Raising Large Address Awareness
Each individual program in a Windows environment (and in other environments as well) can access two kinds of memory; System Memory and User Memory.
System Memory (red in schema) contains the program code and various settings and tables handled by Windows. In this memory area, only Windows can read as well as write (to load the program), while the program itself in that area can read only. This is to protect systems against viruses, against self-modifying code and against other potential threatening program behavior.
User Memory (blue in schema) is the area where the program itself is allowed to read and write, to store and retrieve it’s intermediate values and results from user actions. When the program is up to something massive, this area is blown to pieces.
While each 32-bit program – without any exception – can deal with a maximum 4Gb of memory in total, most programs are created in such a way that 2Gb is the maximum amount of user memory they can handle, even when they are assigned more bij Windows. See the top Exe in the schema, blue and red areas equal in size.
Unless the program is made “Large Address Aware” (or: LAA) in which case those kinds of limits are off. see the bottom two programs in the schema, the blue is larger than the red one. This can be done at creation time, by the supplier, and happens more and more. It can also be done at production time, by you on your PC, and requires a special piece of software, like “LaaTiDo”.
This program makes slight changes to your software. As this has some risks involved, you make copies of the original first, of course. An issue is, that each time a new version (update, service pack, …) of that software is installed (from upgrading or whatever), you have to deal with the new executable all over again.
The following programs
- Poser 8
- Daz Studio 3
- Carrara 7 and 8
- all Adobe Elements 9 and CS5
are known to be LAA, and do not require further treatment, while
- Bryce 7 and earlier
- all 32-bit Vue variations
- Photoshop 7
- Paintshop Pro X2 and earlier
and known NOT to be LAA and do require this enhancement. I’ve no knowledge yet on Poser 7 and before, Daz Studio 2, Photoshop CS4 / Elements 8 and before and the latest PaintShopPro X3. Anyway, for Poser, Daz Studio and Carrara upgrading is a recommended alternative for fiddling with the program’s executable.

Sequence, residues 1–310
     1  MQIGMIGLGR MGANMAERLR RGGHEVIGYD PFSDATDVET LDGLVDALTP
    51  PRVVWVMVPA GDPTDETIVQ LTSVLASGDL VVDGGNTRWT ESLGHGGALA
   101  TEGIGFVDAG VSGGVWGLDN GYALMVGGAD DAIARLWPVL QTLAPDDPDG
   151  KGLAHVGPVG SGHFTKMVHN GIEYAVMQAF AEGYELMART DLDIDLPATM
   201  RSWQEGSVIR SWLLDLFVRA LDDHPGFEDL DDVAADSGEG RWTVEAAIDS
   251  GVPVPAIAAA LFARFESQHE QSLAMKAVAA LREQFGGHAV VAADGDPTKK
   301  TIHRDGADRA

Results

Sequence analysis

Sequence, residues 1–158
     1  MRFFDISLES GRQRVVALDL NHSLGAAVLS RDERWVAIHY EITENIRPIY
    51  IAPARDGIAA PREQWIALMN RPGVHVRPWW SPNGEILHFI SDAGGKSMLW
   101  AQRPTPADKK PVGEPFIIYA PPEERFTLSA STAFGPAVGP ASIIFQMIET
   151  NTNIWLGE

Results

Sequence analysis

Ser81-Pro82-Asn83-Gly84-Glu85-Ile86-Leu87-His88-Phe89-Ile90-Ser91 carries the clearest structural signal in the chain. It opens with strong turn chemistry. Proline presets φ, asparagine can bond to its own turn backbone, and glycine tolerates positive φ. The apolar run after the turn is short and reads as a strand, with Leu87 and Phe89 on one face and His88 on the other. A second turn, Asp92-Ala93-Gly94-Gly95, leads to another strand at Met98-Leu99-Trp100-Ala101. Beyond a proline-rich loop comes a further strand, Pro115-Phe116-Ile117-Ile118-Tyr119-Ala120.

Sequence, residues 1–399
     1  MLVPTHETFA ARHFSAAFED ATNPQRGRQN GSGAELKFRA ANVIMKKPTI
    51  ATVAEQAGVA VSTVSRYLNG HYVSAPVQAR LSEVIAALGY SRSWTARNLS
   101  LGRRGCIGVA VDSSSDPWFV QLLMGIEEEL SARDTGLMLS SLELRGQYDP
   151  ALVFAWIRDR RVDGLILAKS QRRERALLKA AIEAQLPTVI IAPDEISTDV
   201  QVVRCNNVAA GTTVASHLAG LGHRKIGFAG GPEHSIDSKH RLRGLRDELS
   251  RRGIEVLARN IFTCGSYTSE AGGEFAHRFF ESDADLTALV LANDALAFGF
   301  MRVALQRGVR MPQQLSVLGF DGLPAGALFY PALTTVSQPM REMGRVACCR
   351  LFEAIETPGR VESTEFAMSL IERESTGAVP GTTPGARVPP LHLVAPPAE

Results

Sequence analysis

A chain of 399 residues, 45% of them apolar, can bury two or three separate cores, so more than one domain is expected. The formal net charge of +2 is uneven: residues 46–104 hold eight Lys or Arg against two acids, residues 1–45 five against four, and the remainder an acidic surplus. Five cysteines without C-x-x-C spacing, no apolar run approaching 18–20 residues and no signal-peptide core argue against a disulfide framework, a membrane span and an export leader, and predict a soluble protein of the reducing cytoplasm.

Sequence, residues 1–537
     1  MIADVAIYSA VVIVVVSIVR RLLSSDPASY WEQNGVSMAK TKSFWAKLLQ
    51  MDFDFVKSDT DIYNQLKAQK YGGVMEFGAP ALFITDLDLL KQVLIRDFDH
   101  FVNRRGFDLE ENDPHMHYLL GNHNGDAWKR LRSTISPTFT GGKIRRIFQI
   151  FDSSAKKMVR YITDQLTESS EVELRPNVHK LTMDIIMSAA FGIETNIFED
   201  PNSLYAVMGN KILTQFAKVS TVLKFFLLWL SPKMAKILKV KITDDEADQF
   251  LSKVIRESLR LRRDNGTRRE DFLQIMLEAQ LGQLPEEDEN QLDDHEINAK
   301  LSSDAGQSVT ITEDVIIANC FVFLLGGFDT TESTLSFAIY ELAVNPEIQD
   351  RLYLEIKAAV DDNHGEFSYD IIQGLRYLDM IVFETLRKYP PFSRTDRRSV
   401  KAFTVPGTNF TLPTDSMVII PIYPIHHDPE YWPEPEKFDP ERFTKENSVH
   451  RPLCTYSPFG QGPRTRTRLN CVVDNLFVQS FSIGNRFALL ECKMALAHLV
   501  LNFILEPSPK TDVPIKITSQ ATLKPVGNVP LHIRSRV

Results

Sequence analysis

How to proceed?
First of all, you have to make sure you need this kind of solution. Is the problem you’re facing caused by the 2Gb User Memory boundary indeed? Read the previous Monitoring User Memory section about it.
To continue, you’ll need the LaaToDo program. Download the LaaTiDo service program discussed in this tutorial, as well as this tutorial in PDF format (4Mb).
Second, you’ve to locate all the relevant executables in your Program Files folder, and copy (not move!) them to a place to work them, like a new folder in your Temp directory.
This is because you (and Windows) don’t want LaaTiDo or any other application to write in your Program Files directly.
Third, start LaaTiDo and open one of those executables for inspection (1), then click the [Check] button (2). Is it Large Address Aware (LAA)?
If so, you’re done, just test other executables. You may find that when a supplier made the program LAA, all relevant executables are so already. When the supplier did not, non of those are and you have to make them so.
Forth, for non-LAA executables (1), you [Check] (2), then [backup] (3) and then click the [Enable] button 94). That’s it, and you’re almost done. Repeating the previous Check (5) will show you that the new executable is LAA aware indeed now.
Finally, you move the adjusted executables AND their respective unchanged copies (!) back to the Program Files environment, overwriting the existing ones. This is manual action, and Windows will ask you for confirmation.
Now you can test your adjusted program, in simple conditions. Does it seem to work? Then you’re fine. Does it fall apart instantly? Then you have to step back, and transfer your backed up unaltered copies onto the altered ones or so, as the LAA progress is not working for them. That means end of the road indeed, stepping towards all 64-bit software is the only way to go now.
When is does seem to work, and you’re in a 64-bit Windows environment, or a 32-bit environment which is set ready before, then you’re done indeed. If not, then all you’ve got to do is to adjust your 32-bit Windows as well. The next section tells you how.